First-class air travel


Why is first-class air travel in decline?

AIR Ticketing
Bo Chen
11 months ago

5 answers


From an airline perspective there are many reasons why the first class does not make economical sense.

For me personally one stands out - if you look at the services that come with the first class i.e. a spacious private room in an increasingly cramped cabin, top of the line interiors, shower, more crew and a top notch chef are just minimum requirements. This means every time first class seats are not filled the airline is simply carrying dead weight and a lot of it, which could otherwise be used to sell at least 3-4 economy seats for every trip. So in addition to the loss in revenue it also incurs additional cost for every trip for added services and for fuel too since the aircraft would need more fuel to carry more weight.

So unless you have plenty of frequent first class flyers who fly all through out the year during all seasons - peak or lean, the math just wouldn't add up.

Ajay Antony
6 months ago

Many airlines have abolished 1st class and have two main cabinc: Business Class and Economy. Perhaps this is the reason of decline of 1st class air travel.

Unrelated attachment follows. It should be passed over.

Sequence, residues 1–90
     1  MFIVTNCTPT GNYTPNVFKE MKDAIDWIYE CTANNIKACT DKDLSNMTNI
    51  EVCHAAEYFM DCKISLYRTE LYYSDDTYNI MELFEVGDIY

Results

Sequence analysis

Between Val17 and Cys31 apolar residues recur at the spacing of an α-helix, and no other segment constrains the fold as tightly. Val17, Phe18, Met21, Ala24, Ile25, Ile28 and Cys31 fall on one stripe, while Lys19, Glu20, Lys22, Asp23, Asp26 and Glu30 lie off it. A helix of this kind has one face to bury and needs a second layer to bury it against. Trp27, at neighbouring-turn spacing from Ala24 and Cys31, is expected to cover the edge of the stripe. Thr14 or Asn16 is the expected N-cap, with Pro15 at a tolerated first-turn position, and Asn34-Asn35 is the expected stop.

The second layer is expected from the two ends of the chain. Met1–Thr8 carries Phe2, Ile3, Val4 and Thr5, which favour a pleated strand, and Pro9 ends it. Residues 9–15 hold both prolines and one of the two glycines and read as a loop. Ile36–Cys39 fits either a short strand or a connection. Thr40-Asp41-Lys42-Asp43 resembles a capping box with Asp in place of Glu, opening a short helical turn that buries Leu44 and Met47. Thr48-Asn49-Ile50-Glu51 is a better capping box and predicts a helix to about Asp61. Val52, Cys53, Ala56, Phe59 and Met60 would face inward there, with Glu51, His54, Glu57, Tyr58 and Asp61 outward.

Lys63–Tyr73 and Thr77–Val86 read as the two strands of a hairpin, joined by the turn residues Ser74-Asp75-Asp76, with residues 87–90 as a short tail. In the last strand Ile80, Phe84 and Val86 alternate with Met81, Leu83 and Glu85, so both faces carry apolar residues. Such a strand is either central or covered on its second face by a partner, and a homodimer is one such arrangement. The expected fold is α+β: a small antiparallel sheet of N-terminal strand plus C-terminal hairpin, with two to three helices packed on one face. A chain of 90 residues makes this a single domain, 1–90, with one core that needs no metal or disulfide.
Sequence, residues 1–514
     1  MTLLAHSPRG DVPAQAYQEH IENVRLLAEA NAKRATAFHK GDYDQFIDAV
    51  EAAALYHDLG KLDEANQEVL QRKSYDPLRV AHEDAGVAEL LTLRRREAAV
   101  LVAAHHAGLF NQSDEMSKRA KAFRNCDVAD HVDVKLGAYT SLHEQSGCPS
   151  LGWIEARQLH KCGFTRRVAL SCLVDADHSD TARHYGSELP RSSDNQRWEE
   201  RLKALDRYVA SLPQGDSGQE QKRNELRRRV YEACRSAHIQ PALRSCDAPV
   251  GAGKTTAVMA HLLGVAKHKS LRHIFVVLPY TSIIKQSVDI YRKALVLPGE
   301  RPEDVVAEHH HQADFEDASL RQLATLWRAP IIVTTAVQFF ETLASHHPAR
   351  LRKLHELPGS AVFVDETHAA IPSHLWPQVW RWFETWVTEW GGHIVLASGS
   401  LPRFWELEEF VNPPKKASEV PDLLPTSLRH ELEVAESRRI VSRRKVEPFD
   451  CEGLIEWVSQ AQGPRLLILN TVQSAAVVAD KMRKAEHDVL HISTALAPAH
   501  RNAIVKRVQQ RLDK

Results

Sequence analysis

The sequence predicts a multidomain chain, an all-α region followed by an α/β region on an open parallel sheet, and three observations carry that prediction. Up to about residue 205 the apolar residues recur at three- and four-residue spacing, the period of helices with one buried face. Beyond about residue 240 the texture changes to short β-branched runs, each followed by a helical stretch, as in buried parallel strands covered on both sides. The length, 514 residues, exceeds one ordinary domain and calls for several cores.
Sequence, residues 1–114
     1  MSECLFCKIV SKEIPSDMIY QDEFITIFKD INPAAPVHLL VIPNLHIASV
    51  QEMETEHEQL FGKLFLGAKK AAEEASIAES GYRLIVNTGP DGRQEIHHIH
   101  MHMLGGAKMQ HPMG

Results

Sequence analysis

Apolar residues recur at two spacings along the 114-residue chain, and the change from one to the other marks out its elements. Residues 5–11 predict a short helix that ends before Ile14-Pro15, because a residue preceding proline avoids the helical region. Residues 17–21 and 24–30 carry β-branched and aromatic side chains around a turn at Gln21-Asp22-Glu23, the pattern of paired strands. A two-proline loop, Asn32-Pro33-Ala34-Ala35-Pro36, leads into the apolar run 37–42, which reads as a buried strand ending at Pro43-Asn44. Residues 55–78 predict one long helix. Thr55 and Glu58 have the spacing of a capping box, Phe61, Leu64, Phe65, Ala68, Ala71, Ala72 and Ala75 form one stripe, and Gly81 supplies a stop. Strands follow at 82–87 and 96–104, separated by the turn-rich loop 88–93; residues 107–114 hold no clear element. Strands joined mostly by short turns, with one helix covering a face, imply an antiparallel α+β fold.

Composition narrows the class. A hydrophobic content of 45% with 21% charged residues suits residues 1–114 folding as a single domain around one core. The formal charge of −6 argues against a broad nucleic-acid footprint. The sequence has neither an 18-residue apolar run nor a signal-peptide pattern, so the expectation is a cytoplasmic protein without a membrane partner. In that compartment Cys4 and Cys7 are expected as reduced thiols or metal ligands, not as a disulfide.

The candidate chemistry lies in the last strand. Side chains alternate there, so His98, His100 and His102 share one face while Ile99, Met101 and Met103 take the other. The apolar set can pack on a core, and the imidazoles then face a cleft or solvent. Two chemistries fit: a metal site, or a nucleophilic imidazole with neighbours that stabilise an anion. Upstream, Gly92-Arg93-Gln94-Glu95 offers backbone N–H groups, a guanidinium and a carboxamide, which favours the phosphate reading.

Wasim Safdar
11 months ago

Travel policies of international companies have banned for years first-class air travel, and have limited business class only for long-haul and/or night flights.

Patrice L. Tiolet, INPG, MBA, CPSM
10 months ago

Simpy because it is too expensive.

Ali Qudrat
10 months ago
Well, business class tickets are not cheap either, we see many airliners are chaing cabins into business class, as others have said. - Bo 10 months ago
Agree, too expensive and airlines do no have enough consumers available to pay this money. Sometimes they go for overbooking and then upgrade frequent flyiers - Paolo 6 months ago

International first class is becoming scarcer as airlines focus on upgrading business class (e.g. Delta One, Virgin Atlantic, British Airways), yet Emirates is upgrading first class. Domestic (U.S.) airlines seem to be focusing on premium economy (e.g. Delta Premium Select).

Also, first class pricing is becoming cheaper, as airlines look to receive some revenue versus giving away first-class seats to upgrades. I've found this is best where you "do not" have status. For example, on the rare occasion I travel on an airline other than Delta, I look at pricing holistically on top of my ticket price: $25-40 for checked luggage, $15-20 for priority boarding, $50-60 for premium economy, $20-40 for drinks and food, etc. In reviewing pricing this way, I'm often surprised how close first-class fares are to economy. On transcontinental U.S. flights or flights to Canada, I consider upgrading. It's worth investigating.

Vic Clesceri
11 months ago
I never find such deals but will try now. - Bo 11 months ago

Have some input?